The input Ii is composed of external input current and the contribution from all the neurons according to the interaction matrix (W) whose charge function is a pulse (δ ) of the ring times. The activation also depend on a refractory period which sets the maximum ring rate.

598

3.

Dynamics and transitions

In large recurrent neural networks with random connectivity and continuous activation (see the corresponding contribution [3]), the gain of the transfer function can be used as control parameter. A generic route to chaos by quasi-periodicity can be observed under g quasi-stationary increase [6] (see gure 1). Every transition, from xed point to cycle, T2 torus, frequency locking and chaos modies the behavior of the system by steps, from order (xed point) to strong disorder (deep chaos).

alytically [12]. In case of refractory period dierent from the sampling rate, a further increase of the standard deviation leads toward "saturation", ultimately leading to a synchronous regime (see gure 2 -a). This diminution of chaos can be measured by a numerical estimation of the Kaplan-Yorke dimension of the attractor (see gure 2). -a-

-a-b-

-bFigure 2: Examples of generic evolution diagram for I& F recurrent network. The standard deviation increases from left to right. - a - Mean potential (model with refractory period of 5 time steps) - b - KaplanYorke Dimension of the attractor of the mean potential embedded in a space of dimension 3.

4.

Figure 1: Examples of generic quasi periodicity route to chaos in continuous random network. Gain parameter g slowly increases from left to right. The gures - a - and - b - come from two distinct networks. - a Mean activity - b - Biggest Lyapunov exponent. Fewer results are available analytically for network of leaky Integrate and Fire neurons. Numerical simulations show that the standard deviation of a centered random recurrent network plays can play the role of a control parameter. Analogous to the gain in continuous model, its slow increase drives the network from a trivial state of neural death toward a chaotic state (see gure 2-a). The rst bifurcation was proved an-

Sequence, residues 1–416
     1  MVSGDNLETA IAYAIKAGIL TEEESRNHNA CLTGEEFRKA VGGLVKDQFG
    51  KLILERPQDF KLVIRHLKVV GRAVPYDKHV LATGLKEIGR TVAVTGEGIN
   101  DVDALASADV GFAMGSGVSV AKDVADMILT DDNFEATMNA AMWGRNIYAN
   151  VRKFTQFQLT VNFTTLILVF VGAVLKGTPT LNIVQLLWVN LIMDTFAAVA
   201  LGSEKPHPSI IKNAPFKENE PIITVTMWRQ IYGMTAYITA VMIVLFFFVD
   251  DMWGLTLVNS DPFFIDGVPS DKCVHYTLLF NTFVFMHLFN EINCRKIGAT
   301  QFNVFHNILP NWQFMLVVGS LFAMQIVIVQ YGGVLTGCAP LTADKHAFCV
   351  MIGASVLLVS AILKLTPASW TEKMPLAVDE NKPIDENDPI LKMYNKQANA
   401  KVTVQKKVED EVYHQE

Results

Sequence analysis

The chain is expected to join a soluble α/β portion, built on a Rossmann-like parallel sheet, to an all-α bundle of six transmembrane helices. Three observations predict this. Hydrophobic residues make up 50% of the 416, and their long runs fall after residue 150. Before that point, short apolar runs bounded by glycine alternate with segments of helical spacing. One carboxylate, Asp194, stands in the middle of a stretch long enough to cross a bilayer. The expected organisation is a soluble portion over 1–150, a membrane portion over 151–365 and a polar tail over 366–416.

Learning rules

A good learning rule must rely on signals that are available in the vicinity of the neurons and be plausible, i.e. realizable at low cost at the level of the neurons. In the framework of Hebbian learning [8], the weight evolution relies on a product between presynaptic and post-synaptic activities of the form

∆Wij = ασi σj where α is a learning parameter and σi and σj are respectively post-synaptic and pre-synaptic signals. The concrete implementation depends on the neuron model and on the choice of the signals which are extracted from the neurons activity. Independently from the neuron model, a distinction can here be made between order 0 (static) and order 1 (temporal) rules. Order 0 rules only take into account the current neuron

599

activation. Such rules will reinforce the neurons whose activity is strong, and weaken the neurons whose activity is weak. On the contrary, rst order Hebbian rules rules mostly take into account the dierence (or derivative) of the neurons activities. In that case, the learning process will reinforce the order 1 characteristics of the neurons dynamics (their "dynamism"). We present here two temporal Hebbian learning rules. First, the family of temporal dierence (TD) rules [13, 10] apply on binary or continuous models. A TD rule can be implemented as follows :

∆Wij (t) = α (Si (t) − Si (t − 1)) Sj (t − 1)

between neurons which are not correlated (and diminish the transmission between correlated neurons). The alternation between Hebb and anti-Hebb rules thus allows to control the degree of disorder. Figure 3 illustrates the mirror eect of the successive application of Hebb and anti-Hebb rule on the binary and the spiking model. The combined application of both rules allows the network to remain in a disordered state. -a-